This newfound freedom is, presumably, welcomed in much the same way that some men find a fulfilling and compensatory opportunity in being dismissed by a long-term lover. Sadness can - must! - be avoided by revelling in the sudden liberty to indulge all those vitally important pre-relationship plans that the promise of happiness - such a fickle mistress! - forced onto the shelves. "At last! The opportunity to relocate to a croft in the Highlands and cut peat/dig out the old brass-rubbing kit/get that full-colour back-tattoo of a mermaid pleasuring a narwhal!" So perhaps, for Premier League footballers, contractlessness is that chance to finally make that long-coveted move to the Cypriot league. To see what Scandinavian football is really like. To plunge into the warm embrace of the pundits' couch. To throw off the shackles and do something completely crazy.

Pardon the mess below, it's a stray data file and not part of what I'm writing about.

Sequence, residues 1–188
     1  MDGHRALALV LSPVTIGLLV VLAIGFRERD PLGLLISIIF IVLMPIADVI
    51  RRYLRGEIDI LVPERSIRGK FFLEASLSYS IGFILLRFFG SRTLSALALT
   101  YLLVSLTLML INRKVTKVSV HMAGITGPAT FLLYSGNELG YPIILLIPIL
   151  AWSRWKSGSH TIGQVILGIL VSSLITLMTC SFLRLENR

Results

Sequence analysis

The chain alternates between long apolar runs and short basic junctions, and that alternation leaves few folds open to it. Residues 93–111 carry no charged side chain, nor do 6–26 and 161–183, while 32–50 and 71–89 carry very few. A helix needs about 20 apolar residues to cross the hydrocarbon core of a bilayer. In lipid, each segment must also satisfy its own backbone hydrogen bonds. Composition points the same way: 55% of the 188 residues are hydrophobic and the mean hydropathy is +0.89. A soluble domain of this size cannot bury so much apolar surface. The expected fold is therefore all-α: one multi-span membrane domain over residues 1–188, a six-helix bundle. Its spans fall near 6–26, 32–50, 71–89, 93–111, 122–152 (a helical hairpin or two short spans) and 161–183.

To join Stoke.

It's easy to mock Michael Owen, yes, but that doesn't mean it's wrong. If by a man's work you shall know him, then Owen is at present the sum total of a Twitter account so dull it feels like a parody and a series of faded VHS memories that come from another, more innocent time. A footballer that doesn't football is just an...er. Doubtless he still knows where the goal is, but then - another Football365 exclusive, this - everybody does; science has shown that even his fellow free-agent and one-time strike partner Emile Heskey can successfully point to the net three times out of five. As useful attributes go, it's up there with "he can put his boots on."